Years ago before I had kids, I worked at the Coors Fitness Center. I remember a beautiful red-headed mother and her adorable little blond boy, almost always in cute red cowboy boots, coming in often. He always looked happy to be coming in to the the gym daycare, but every single time the mom tried to leave him to go workout, he would lose it! I remember watching in awe, every single day, as the mother stood outside the door (out of the boy’s sight) after dropping him off, and listening in agony, as her son would cry for her. She asked me once through tears,
“Am I ever going to be
able to workout again?”
This repeated scene scarred me. I vowed that my kids, should I ever have any, were not going to ruin my priorities. A naive declaration, I know, but witnessing her struggle definitely changed the way I parented.
I worked out the last day of each pregnancy, and the first day I was able to after both C-sections. I’m not bragging. Some cannot. I get that. I actually don’t feel good at all admitting that when I went back to my first client, after Izak was 6 weeks old. I almost threw him at the babysitter and didn’t realize until I got to their front door that I hadn’t even kissed him goodbye. What kind of mother was I!?
I didn’t change the way I ate while breastfeeding. I have no idea what I was eating to make Izak’s 5 p.m. witching hour so horrible, but not surprisingly, it stopped when I stopped nursing him at 9 months. Nadia was a tiny baby, and started growing and thriving more after I quit nursing her, too. Knowing what I know now, I would have done better.
I do have regrets, but here’s one I don’t have: I always make time for me.
My kids have always seen me prioritize working out, choosing mostly healthy food, and reading or journaling (sometimes in the middle of the day). They learned young what quiet time means and that sometimes mommy was not available for complaints, requests, food or other non-life-threatening needs. I don’t regret locking them out of our bedroom sometimes so mommy and daddy could have “alone time.” (I DO regret locking her IN by accident once…) They learned early on to entertain themselves. Sometimes an adult would come to my house for business and be here for quite some time before noticing there was a child in the room also.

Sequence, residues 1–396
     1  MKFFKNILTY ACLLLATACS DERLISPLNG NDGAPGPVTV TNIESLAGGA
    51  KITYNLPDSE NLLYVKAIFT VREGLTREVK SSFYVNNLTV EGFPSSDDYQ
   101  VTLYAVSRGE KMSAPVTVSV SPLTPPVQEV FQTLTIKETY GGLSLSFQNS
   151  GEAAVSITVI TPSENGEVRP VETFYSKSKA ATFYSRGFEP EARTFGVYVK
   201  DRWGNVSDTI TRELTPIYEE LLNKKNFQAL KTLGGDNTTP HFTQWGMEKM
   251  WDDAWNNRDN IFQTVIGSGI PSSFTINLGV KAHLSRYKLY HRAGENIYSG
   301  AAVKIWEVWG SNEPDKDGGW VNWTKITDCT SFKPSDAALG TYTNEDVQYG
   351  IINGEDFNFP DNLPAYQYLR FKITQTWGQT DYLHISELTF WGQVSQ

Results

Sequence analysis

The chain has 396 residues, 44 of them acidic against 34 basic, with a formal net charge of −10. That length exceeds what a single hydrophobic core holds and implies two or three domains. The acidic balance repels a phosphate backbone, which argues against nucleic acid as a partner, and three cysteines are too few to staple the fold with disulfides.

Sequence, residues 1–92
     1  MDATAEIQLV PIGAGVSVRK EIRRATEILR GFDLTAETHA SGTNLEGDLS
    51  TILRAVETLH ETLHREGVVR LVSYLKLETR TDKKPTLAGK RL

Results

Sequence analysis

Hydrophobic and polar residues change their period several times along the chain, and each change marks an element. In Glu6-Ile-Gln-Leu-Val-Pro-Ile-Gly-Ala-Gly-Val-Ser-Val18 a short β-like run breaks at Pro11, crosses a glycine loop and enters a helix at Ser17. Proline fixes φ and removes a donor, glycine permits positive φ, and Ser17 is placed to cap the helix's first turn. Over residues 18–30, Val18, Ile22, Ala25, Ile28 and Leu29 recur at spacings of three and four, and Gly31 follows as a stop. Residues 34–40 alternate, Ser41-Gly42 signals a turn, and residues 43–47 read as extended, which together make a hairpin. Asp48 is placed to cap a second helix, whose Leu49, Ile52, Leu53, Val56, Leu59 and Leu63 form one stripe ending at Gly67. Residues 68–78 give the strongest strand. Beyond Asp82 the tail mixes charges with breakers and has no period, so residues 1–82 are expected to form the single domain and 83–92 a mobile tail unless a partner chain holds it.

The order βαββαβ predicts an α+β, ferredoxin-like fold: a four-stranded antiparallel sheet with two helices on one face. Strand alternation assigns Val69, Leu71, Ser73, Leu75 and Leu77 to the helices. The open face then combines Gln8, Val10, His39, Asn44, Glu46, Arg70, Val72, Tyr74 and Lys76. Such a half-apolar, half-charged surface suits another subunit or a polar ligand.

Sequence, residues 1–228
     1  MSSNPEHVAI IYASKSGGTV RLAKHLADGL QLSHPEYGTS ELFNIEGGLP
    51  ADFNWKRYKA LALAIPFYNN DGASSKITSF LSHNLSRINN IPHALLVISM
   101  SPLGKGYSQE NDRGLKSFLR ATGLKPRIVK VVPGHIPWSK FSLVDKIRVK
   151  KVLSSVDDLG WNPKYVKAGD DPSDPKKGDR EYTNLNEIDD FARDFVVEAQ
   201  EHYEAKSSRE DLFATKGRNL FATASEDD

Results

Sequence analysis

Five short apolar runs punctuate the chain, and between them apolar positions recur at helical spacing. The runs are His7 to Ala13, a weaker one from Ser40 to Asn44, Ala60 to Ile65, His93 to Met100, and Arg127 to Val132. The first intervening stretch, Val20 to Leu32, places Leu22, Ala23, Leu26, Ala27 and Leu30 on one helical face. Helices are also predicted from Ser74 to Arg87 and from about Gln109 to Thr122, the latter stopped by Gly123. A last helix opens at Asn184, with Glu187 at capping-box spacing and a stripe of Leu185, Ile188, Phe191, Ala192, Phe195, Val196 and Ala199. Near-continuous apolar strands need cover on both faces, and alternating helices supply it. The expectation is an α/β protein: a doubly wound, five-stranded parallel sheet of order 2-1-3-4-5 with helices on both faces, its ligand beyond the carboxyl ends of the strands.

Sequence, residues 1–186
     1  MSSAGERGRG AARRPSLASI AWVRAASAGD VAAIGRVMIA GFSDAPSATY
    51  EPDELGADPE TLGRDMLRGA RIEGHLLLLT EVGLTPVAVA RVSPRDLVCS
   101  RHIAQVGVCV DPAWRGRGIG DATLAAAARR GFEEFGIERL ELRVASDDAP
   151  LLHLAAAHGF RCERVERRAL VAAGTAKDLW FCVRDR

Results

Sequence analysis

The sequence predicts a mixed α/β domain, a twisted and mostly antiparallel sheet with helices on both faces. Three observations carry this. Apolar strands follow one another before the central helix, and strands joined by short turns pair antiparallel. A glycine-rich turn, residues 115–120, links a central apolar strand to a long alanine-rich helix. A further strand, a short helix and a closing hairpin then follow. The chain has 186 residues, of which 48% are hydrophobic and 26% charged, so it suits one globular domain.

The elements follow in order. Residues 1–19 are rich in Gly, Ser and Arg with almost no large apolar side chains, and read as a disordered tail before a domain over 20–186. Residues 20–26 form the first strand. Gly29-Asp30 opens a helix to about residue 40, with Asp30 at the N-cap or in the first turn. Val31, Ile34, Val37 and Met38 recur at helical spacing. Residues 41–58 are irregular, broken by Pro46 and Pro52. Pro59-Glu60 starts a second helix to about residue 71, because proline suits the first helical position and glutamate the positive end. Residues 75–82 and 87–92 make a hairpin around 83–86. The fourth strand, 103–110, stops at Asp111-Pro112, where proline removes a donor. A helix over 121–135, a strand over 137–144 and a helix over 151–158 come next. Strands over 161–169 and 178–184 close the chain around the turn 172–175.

I sound selfish. I realize.
I am lucky. I know this.
But all the little events we witness in life become a part of our next decision and after many, who we become. Watching that poor mother suffer taught me what I did not want.
Perhaps some of this comes from the fact that I did not have my babies until later in life. I’d had time to get set in my ways. I’d had time to indulge in my freedom. The bottom line is, I don’t think my kids suffered because I chose to prioritize myself. My hope is, they were taking notes.
Both of them workout regularly now, by choice. Izak also eats very healthy while Nadia loves sugar. Both are fiercely independent. I let them read this article, and we had a neat conversation about who they might be had they been raised in a different home, with a different mother.
I asked how watching me prioritize myself may have influenced who they are. They didn’t hesitate. It’s hard to say what would be different, but both were thankful for the example they’ve had and are convinced it has influenced them positively.
My hope is to give encouragement to mothers who struggle to justify making the time to take care of themselves. It’s not selfish. It’s actually required. I think it’s essential for the raising of self-sufficient, independent, healthy adults. If our kids do not have a model of self-care, how will they learn to do it for themselves?
Each moment and decision your children see, collectively become a pattern in their brain wiring. It is actually part of your job description, as a mother, to model self-care and prioritizing yourself. Do so unapologetically.